A question that isn’t being asked enough is whether they should be spending them on Moseley. Look at the numbers above. Moseley might have gone 4-2, but he’s been hit hard. The offense is responsible for his good outcomes, with the team averaging 7.4 runs a game of offensive support for the journeyman. Moseley’s 4.63 ERA doesn’t look terrible by the standards we’ve gotten used to over the last few years, but the average starter’s ERA has been lower. In the starts above, Moseley allowed almost two home runs per nine innings, a pace tantamount to allowing 42 in 210 innings. For the season, he’s allowed a batting average on balls in play of only .254. In short, he and the Yankees have been lucky—his ERA could easily be half a run higher.
Moseley is a journeyman/emergency starter. That sort of pitcher can be useful in his place, but not indefinitely. Moseley is unlikely to help the Yankees tread water much longer. A team only gets one Aaron Small season per generation, sorry to say, and you will recall that even the mystically untouchable Small lost his one playoff appearance. With Andy Pettitte potentially gone next year, Vazquez certain to be gone, Burnett struggling, and Nova’s future uncertain, the Yankees may have two or three rotation spots to fill in 2011. Nova is just one candidate. With David Phelps, D.J. Mitchell, and Hector Noesi pitching at Triple-A, they should be considered candidates—you can only sign one Cliff Lee, and given the way Lee has pitched lately (8.39 ERA in his last four starts) maybe one is too many.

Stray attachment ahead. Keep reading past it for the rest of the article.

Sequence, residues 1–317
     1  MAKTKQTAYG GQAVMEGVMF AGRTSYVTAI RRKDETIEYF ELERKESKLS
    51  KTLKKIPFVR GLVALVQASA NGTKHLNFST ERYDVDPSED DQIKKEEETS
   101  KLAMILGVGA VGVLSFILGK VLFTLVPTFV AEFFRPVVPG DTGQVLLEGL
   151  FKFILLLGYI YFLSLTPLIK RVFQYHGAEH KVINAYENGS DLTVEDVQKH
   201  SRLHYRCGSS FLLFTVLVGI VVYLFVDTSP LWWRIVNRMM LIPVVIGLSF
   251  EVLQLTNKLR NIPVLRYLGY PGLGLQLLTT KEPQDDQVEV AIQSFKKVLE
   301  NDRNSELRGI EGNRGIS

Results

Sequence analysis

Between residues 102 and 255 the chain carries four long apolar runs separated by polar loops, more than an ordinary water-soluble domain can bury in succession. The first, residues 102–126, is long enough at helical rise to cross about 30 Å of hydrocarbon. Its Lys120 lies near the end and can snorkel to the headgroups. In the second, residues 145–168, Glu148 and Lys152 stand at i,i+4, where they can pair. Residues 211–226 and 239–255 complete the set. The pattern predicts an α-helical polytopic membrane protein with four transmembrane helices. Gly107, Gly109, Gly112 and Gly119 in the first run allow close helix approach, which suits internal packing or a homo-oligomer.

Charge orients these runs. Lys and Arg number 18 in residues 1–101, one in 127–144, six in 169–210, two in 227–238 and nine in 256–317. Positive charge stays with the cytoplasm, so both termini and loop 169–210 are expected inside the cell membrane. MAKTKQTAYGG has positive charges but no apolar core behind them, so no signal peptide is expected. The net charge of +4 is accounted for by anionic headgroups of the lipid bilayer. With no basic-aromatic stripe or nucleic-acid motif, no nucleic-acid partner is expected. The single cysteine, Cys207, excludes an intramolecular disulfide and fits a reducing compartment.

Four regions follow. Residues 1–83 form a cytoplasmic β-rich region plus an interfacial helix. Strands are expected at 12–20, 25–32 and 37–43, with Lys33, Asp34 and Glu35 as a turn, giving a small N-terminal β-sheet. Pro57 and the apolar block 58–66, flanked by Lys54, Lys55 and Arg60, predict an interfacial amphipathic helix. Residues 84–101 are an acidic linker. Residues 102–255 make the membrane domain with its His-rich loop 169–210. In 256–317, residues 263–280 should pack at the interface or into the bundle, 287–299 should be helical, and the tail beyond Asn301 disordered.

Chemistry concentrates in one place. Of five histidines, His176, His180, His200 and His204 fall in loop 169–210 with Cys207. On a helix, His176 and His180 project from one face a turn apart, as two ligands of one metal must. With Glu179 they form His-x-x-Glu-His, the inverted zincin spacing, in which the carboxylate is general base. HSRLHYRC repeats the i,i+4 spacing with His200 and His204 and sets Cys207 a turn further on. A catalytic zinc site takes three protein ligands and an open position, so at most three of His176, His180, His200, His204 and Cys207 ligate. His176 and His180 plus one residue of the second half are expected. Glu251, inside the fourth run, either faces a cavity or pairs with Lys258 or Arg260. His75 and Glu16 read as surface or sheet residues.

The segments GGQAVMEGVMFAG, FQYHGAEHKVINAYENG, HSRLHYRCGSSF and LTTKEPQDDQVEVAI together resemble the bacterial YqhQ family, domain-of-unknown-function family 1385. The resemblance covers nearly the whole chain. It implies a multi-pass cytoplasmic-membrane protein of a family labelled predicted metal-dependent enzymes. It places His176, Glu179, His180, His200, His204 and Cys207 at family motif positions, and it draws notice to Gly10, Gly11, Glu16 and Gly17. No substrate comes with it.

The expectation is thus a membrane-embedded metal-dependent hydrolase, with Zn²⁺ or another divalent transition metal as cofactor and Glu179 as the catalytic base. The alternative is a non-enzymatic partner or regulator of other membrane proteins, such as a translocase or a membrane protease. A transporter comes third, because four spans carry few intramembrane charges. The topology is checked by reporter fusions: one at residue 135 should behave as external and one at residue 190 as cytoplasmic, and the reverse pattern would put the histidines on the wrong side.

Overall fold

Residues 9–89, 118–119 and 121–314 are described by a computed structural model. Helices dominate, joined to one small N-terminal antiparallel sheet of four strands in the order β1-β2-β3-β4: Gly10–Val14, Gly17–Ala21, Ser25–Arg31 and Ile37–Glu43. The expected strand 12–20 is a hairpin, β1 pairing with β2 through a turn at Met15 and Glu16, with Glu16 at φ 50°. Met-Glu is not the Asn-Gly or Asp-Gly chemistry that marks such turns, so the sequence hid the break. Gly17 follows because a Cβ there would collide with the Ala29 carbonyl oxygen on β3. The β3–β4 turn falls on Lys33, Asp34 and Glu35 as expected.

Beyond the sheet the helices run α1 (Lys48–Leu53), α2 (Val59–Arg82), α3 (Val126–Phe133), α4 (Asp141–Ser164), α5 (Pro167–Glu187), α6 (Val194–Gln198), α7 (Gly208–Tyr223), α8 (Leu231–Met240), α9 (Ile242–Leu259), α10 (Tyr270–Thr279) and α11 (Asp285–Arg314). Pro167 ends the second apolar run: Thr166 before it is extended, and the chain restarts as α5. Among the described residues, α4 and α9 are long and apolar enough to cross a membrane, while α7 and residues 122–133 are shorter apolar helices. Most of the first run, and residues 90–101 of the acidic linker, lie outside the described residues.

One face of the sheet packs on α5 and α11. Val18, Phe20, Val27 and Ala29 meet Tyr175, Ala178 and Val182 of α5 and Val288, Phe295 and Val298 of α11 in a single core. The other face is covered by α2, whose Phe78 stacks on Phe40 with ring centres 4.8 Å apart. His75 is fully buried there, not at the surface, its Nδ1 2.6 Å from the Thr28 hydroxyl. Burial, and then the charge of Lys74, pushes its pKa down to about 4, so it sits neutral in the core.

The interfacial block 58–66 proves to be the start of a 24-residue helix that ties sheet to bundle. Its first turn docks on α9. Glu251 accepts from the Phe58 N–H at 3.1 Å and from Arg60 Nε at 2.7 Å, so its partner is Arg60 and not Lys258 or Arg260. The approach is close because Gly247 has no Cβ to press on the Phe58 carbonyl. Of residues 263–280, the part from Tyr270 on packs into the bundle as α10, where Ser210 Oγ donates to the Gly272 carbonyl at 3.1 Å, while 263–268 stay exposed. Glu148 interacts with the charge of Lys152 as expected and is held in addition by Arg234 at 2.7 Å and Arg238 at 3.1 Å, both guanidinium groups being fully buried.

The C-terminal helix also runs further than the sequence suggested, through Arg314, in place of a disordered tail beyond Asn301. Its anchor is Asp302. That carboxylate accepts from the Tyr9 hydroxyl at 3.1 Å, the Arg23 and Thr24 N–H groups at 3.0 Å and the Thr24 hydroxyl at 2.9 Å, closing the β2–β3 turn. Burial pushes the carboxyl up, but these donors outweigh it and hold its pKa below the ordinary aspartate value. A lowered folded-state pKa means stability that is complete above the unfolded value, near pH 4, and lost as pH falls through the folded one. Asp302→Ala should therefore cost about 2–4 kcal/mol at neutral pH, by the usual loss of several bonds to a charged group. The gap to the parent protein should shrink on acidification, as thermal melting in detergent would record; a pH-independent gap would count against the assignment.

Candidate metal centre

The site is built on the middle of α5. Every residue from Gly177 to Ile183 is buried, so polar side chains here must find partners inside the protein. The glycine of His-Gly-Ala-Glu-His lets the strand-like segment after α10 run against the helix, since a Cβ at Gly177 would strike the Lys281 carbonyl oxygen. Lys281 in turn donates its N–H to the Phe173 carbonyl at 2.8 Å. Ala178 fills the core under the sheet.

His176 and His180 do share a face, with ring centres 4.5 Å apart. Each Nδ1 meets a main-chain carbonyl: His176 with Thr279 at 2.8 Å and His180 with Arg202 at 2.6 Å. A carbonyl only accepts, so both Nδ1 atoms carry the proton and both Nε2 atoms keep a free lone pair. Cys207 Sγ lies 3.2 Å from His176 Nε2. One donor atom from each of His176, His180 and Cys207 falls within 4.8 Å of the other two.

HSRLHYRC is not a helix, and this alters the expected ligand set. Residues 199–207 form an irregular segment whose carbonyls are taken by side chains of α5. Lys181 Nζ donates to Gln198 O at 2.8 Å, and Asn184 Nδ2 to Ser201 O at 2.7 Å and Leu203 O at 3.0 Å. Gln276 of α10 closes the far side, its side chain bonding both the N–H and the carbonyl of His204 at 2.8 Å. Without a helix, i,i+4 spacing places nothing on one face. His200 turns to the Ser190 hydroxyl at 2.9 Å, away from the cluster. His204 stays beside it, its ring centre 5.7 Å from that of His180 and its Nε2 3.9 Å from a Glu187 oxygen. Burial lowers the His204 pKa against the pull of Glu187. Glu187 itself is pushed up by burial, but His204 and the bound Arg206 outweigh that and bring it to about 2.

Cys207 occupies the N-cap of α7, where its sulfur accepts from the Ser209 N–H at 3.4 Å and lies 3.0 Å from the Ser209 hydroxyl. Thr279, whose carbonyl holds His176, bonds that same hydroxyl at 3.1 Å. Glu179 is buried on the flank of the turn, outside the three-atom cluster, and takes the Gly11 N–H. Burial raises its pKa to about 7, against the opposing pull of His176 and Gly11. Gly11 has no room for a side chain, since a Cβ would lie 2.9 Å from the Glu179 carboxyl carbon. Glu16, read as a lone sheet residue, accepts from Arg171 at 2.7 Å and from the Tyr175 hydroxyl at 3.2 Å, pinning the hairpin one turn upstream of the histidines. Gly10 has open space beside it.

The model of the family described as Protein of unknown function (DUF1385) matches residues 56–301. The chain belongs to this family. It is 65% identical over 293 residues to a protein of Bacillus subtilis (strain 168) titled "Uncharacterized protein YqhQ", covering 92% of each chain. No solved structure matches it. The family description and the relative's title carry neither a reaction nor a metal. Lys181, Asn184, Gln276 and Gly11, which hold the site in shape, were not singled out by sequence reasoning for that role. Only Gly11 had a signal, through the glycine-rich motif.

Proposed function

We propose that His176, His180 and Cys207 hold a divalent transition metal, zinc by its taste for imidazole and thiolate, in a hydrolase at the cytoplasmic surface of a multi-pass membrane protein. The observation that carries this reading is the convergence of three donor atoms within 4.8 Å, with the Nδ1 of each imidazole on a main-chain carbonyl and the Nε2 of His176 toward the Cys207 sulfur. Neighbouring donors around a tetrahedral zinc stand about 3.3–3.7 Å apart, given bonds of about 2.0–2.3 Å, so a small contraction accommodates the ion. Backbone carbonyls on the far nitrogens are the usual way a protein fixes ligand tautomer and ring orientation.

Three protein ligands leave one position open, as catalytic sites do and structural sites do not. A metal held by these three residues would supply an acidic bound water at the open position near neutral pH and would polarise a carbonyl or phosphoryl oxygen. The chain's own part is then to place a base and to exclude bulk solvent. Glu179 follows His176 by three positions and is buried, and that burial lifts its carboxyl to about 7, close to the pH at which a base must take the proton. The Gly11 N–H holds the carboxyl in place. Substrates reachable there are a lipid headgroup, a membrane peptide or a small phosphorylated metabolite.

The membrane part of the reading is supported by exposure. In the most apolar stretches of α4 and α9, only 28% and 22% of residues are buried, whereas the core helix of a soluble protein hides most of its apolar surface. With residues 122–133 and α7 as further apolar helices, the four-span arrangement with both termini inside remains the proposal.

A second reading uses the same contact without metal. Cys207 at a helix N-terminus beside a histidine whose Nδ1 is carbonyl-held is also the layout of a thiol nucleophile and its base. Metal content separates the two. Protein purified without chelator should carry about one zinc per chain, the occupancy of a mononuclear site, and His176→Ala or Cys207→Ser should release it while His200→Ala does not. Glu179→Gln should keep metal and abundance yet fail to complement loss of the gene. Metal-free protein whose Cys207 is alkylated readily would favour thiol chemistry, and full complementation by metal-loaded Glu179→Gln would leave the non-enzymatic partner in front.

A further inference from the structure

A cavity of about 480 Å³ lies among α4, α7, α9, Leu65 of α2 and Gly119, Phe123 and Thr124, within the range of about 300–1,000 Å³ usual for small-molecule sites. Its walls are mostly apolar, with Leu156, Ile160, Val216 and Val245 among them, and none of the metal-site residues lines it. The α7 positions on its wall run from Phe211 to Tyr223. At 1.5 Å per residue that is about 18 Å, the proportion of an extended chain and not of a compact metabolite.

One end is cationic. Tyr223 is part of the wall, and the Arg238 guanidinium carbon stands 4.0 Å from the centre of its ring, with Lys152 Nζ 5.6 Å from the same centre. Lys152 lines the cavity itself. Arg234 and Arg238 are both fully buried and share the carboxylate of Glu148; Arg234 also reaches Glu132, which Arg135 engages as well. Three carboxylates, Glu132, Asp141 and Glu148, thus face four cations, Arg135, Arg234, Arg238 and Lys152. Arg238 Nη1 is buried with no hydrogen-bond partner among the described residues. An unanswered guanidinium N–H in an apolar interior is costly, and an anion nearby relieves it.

I realize that these pitchers are not on the 40-man roster, but there are some soft spots there (Reegie Corona at the very least; anyone want a second baseman with a .226/.282/.325 translated Triple-A line? Didn’t think so) where the Yankees could make a move. These pitchers, particularly Phelps and Noesi, are unlikely to be worse than Moseley and could be better. The Yankees might find themselves with a surprise fourth starter where right now they have a pretend fifth starter/swingman, and not only better themselves for the remainder of the race and the postseason, but for next season as well. Not only would trying one of these pitchers expand the club’s confidence in its options for next year, it may prove key to finishing this season in good form.